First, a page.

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What’s in store – why it’s good to cook with the seasons

Global warming… climate change… overpopulation… food poverty… these are just a few of the catastrophic global issues we’re faced with on a day to day basis. But even if we’re only following the headlines, many of us are choosing to become more environmentally-conscious – to do our bit, however small. One thing many of us are doing is adopting a simpler lifestyle: growing our own, measuring our carbon footprint, knowing where our food is from and what’s in it. Not only does it help the environment, it’s overall much healthier too.

To help reduce carbon footprint, many are choosing to ‘go back to basics’ and eat seasonally. It’s a simple change to make but incredibly effective – having a positive effect on our health, wealth and happiness (not to mention the planet).

‘Eating seasonally’, it’s a phrase we hear bandied about a lot, but what does it actually mean? Essentially, it’s just including foods in your diet that are harvested at the same time of the year as you eat them. For example, strawberries in the summer, apples in the autumn and so on.

Why eat seasonally?

UK communities generally grow up in urban areas, and we have increasingly little understanding of when and where various foods are produced. Effective importing timetables and inbound deliveries from all over the world all year round leave supermarket shelves looking the same week in week out – in other words, you can eat whatever you want, whenever you want. Sounds great… but not when that apple has travelled thousands of miles clocking up a massive carbon footprint just so you can eat it in March!

Choice is great but it’s also destructive. Not only are we less engaged with our immediate surroundings and the wonderful, seasonal produce at our fingertips, we’re damaging the environment too. Here’s just a few reasons you should consider eating seasonally:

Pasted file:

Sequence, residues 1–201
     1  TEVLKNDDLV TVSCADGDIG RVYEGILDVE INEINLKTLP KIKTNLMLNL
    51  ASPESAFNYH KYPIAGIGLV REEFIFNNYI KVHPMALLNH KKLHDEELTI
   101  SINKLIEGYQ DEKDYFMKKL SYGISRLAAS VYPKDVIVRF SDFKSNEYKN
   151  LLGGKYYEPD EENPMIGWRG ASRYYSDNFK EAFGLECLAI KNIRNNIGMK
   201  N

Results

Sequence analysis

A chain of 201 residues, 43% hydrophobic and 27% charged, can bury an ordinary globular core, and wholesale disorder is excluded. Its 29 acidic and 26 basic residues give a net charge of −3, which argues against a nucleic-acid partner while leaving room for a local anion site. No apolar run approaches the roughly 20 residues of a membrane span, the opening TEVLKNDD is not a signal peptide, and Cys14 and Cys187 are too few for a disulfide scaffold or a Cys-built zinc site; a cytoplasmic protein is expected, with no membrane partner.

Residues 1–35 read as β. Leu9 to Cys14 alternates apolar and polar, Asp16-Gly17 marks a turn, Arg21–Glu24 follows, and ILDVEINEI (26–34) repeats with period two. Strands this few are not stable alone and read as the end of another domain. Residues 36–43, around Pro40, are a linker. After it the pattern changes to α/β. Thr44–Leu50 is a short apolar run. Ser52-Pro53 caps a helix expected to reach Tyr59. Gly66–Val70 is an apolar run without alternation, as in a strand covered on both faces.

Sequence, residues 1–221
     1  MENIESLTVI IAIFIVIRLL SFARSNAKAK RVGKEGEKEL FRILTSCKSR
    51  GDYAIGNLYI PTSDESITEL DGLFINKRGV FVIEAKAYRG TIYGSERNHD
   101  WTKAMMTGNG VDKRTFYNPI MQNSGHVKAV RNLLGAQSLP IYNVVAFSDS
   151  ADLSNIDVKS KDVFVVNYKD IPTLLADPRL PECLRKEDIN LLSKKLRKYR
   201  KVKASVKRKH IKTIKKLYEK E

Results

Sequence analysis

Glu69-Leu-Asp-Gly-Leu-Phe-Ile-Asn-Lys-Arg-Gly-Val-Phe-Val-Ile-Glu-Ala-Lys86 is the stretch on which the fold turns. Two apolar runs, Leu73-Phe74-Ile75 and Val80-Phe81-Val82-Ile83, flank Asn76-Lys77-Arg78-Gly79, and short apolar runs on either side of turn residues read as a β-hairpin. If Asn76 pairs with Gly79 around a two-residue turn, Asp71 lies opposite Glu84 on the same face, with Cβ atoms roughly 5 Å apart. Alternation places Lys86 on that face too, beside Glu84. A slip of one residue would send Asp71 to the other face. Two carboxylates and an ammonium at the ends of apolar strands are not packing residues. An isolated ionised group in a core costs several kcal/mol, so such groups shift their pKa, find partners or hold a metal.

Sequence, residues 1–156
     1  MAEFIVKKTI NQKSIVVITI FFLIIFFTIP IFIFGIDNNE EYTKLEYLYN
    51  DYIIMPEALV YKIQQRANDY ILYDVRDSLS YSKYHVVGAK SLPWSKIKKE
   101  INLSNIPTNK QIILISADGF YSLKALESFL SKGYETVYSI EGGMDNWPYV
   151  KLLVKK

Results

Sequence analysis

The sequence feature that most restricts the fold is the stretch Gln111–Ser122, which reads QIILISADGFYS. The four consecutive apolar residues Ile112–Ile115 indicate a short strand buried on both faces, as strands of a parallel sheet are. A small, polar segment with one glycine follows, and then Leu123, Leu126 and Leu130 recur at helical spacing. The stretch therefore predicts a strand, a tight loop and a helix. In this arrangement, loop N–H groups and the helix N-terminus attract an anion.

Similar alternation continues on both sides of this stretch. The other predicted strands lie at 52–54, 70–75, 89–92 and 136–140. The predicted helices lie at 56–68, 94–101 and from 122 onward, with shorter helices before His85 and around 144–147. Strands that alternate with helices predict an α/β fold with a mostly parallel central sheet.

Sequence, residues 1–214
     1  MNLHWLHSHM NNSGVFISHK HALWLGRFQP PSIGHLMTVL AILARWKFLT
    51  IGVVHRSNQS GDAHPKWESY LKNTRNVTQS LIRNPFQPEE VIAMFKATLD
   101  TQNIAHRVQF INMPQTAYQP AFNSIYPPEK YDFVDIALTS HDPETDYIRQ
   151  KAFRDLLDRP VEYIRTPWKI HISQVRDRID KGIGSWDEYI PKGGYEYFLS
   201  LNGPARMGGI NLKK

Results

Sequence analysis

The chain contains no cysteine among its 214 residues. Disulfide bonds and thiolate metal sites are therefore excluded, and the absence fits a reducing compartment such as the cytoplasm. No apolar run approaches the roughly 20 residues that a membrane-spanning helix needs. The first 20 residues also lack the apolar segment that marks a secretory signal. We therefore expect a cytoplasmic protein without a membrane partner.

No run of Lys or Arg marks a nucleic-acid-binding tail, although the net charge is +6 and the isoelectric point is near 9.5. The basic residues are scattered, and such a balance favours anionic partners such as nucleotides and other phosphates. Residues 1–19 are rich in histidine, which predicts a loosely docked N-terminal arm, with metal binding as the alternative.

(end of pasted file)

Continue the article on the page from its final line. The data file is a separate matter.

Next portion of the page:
• It’s kinder to the environment

To satisfy year-round demand, we grow food around the globe to meet growing conditions and schedules. Growing crops in non-native countries or, worse, creating synthetic growing environments leads to enormous fuel consumption and associated CO2 emissions when the crops are transported to our supermarkets shelves.

  • It’s expensive

Purchasing fresh food out of season costs a premium, simply because it’s not readily available in our country and has to travel a long way to get to our shelves. Next time you go to the supermarket take notice of what’s in season and how much it costs – cucumbers are a great example, cheap as chips in the summer but as the months get colder, the price climbs.

  • We’re disengaged with nature

In order to feel compassion for the planet and make better choices on its behalf (we are, after all, its custodians), we have a duty to reconnect with the natural cycles of the planet – our seasons. What could be better than getting excited for the next bountiful harvest because of the wonderful foods it brings? It’s a simple pleasure but, oh so, important.

  • It tastes better

When produce is harvested and consumed as nature intended, it tastes better. Don’t take our word for it, try for yourself – how good are apples and pears right now? Eaten in season food is tastier, naturally ripened and crammed with the best vitamins and minerals for that time of year.

In order to know what is typically harvested in Britain, and during which periods, BBC Good Food has this excellent resource. However, if you aren’t the kind to pour over tables, here are some pointers:

Spring

Carrots, cucumbers, spring onion, spinach, cauliflower, cabbage, rhubarb, beef steaks, spring lamb, haddock, crab and sea bass.

Summer

Fresh peas, salad leaves, radishes, tomatoes, beetroot, broad beans, blueberries, raspberries, plums, ham, pork pies, spare ribs, venison, pilchards and wild salmon.

Autumn

Potatoes, mushrooms, rockets, sweetcorn, watercress, apples, damsons, sloes, blackberries, chicken, grouse, heather-fed lamb, oysters, skate and brill.

Winter

Curly kale, parsnips, swede, red cabbage, sprouts, turkey, goose, gammon, partridge, grey mullet, mussels and scallops.

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